Nevertheless, the single detection of the star with the largest detection probability (under exceptional weather conditions with a 30 m single-dish telescope) shows that in order to detect mass-loss rates in more objects requires significantly lower rms noise levels, which can only be achieved with ALMA.

Another question that can only be addressed by observing a larger sample is the width of the profile. If it is interpreted as the outflow velocity of an expanding wind, then this velocity (of 12 km s-1) is larger than expected. This value is typical of an average AGB star, while HIP 53449 has a luminosity of only 1300 L.

The high spatial resolution of ALMA observations could address one of the other interesting findings, namely that the

observed line shapes suggest a smaller CO envelope than predicted. New CO photo-dissociation calculations for mass-loss rates lower than considered by Mamon et al. (1988) would be of interest to see if smaller values for r1/2 are found. If the CO envelope is indeed smaller then this could imply that the phase of large mass loss only started recently.

Groenewegen (2012) found that in the range 265 < L < 1500L only 22 stars out of 48 show mass loss, which supports the notion of episodic mass loss proposed by Origlia et al. (2007). As a test, a model was constructed where the CO abundance was constant with radius, and the outer radius was decreased until the profiles matched the observations. For fCO = 2 × 10-4 this is 5 × 1015 cm and for fCO = 4 × 10-4 this is 3 × 1015 cm (or 1.7′′). There is a feedback on the SED modelling because this was originally performed assuming a large outer radius (several 1000 stellar radii) while the CO shell in this test model is only 30−50 stellar radii. Redoing the SED fitting with a smaller outer radius will increase the mass-loss rate estimate to 8.1    ×    10-9M yr-1, which in turn leads to an even smaller CO shell of 2.5 × 1015 cm (for fCO = 4 × 10-4). For a velocity of 12 km s-1 a radial distance of (2.5−5) × 1015 cm corresponds to a timescale of 65−130 years. This is a very short timescale, much shorter than the lifetime on the RGB. It would imply that HIP 53449 is caught in the moment where it has just started its phase of large mass loss, which is statistically unlikely.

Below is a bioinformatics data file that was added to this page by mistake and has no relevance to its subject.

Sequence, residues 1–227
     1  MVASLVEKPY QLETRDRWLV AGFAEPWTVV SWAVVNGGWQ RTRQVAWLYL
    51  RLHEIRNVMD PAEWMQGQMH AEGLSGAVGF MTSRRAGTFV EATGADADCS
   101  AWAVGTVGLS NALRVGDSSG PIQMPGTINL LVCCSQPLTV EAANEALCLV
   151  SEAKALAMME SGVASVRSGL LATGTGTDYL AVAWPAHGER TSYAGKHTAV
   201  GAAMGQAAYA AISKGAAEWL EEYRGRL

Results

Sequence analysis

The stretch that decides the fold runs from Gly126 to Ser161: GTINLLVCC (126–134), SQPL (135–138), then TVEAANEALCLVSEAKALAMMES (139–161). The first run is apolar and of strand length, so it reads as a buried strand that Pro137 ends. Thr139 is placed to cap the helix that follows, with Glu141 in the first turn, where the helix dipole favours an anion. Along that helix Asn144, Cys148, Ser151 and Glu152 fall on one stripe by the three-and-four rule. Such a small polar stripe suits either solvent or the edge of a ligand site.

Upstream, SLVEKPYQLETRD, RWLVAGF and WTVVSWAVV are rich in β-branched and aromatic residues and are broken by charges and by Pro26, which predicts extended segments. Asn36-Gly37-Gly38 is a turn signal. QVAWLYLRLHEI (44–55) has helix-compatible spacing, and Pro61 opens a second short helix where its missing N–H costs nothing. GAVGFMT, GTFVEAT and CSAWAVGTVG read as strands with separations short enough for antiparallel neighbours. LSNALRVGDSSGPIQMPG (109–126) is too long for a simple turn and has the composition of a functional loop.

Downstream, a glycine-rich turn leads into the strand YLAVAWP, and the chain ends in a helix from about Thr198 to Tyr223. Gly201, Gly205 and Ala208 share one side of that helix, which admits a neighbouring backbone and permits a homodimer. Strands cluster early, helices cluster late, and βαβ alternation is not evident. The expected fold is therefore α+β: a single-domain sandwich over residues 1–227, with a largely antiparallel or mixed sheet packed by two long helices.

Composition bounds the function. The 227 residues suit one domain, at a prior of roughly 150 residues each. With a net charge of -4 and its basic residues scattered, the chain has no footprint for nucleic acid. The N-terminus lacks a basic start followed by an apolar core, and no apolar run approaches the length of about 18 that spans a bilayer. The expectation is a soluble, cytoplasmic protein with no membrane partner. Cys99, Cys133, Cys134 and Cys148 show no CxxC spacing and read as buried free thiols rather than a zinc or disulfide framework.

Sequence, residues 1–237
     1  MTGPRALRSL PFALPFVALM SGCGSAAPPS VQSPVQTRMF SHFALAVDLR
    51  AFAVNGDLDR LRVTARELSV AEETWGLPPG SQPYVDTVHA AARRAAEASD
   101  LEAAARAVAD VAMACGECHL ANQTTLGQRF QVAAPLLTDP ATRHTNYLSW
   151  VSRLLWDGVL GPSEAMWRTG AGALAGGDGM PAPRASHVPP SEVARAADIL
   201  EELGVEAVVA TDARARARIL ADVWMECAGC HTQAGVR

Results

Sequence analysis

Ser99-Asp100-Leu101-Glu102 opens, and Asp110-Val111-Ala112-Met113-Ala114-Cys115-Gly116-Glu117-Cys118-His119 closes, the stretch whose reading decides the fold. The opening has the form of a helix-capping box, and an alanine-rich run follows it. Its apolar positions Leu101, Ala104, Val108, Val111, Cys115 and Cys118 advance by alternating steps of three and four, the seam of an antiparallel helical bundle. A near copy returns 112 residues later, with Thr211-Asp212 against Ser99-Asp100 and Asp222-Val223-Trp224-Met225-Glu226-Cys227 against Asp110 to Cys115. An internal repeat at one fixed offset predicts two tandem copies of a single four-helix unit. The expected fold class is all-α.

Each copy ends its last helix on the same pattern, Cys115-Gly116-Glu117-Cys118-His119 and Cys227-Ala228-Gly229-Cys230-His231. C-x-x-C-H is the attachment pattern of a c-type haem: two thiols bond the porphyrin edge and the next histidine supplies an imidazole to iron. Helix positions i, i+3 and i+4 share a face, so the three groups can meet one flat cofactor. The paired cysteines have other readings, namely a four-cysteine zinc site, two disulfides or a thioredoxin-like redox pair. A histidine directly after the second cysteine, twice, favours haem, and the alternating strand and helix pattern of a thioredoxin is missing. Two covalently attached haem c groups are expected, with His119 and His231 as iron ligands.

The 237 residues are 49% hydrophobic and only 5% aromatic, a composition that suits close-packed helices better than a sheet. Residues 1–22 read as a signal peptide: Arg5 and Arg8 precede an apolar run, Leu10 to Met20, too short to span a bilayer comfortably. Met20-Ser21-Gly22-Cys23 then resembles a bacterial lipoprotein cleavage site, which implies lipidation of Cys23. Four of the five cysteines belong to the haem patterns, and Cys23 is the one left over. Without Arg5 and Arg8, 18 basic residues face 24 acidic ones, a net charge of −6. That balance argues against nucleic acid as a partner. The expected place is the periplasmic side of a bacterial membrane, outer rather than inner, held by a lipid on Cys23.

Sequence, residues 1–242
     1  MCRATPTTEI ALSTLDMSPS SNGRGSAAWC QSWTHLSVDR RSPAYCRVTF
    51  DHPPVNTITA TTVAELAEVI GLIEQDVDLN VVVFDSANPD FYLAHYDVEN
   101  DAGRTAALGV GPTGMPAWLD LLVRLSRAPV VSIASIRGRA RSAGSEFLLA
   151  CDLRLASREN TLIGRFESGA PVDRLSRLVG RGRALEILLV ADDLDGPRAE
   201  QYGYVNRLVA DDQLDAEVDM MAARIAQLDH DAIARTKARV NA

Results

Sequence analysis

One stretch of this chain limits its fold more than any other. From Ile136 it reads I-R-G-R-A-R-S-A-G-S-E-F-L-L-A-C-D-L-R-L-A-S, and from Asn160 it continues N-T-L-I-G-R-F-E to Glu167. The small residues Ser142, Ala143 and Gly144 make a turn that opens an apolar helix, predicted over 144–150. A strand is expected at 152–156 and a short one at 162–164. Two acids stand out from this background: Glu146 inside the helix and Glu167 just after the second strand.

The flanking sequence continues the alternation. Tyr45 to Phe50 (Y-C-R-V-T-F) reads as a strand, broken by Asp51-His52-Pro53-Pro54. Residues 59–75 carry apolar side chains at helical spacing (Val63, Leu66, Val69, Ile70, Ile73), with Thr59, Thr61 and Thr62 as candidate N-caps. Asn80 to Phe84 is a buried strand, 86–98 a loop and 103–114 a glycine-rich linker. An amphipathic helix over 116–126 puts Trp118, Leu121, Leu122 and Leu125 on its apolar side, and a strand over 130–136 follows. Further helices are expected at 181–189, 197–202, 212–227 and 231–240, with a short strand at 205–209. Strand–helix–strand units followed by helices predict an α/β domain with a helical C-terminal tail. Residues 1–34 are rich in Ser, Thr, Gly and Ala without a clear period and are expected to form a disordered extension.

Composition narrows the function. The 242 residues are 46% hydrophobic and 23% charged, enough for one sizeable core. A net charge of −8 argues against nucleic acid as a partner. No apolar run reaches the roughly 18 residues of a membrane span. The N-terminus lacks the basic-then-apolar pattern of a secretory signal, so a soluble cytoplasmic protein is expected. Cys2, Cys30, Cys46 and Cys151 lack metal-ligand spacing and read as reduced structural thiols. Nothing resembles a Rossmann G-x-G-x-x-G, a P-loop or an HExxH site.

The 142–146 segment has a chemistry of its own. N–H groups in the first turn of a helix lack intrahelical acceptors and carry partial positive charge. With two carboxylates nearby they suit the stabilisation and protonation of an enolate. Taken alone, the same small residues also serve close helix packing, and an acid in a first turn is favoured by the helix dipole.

The observations and the single detection presented here show that detailed studies of the mass-loss process around nearby RGB stars are possible, but require the use of ALMA to increase the number of stars detected and to probe the geometry of the envelope.


I would like to thank Leo Girardi (Padova Observatory) for computing the RGB vs. E-AGB probability. This research has made use of the SIMBAD database, operated at CDS, Strasbourg, France.


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All Tables

Table 1

RGB sample.

Table 2

Observed results.

All Figures

thumbnail Fig. 1

HIP 53449. Top: observed CO(2−1) line profile at a velocity resolution of about 2 km s-1 (histogram), and a typical fit of a shell profile (line, see text). Middle: observed CO(3−2) line profile at a velocity resolution of about 2 km s-1. Bottom: observed CO(3−2) line profile at a lower resolution of about 4 km s-1 (histogram), and a typical fit of a shell profile (line, see text). The velocity scale is heliocentric (the conversion from LSR velocity is done within CLASS).

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In the text
thumbnail Fig. 2

Observed line profiles (histograms) for the J = 2 − 1 (top) and J = 3 − 2 (bottom) transitions. The velocity scale is heliocentric. The standard model is shown as the black solid line, the non-standard model as the red dotted line (see text for details).

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In the text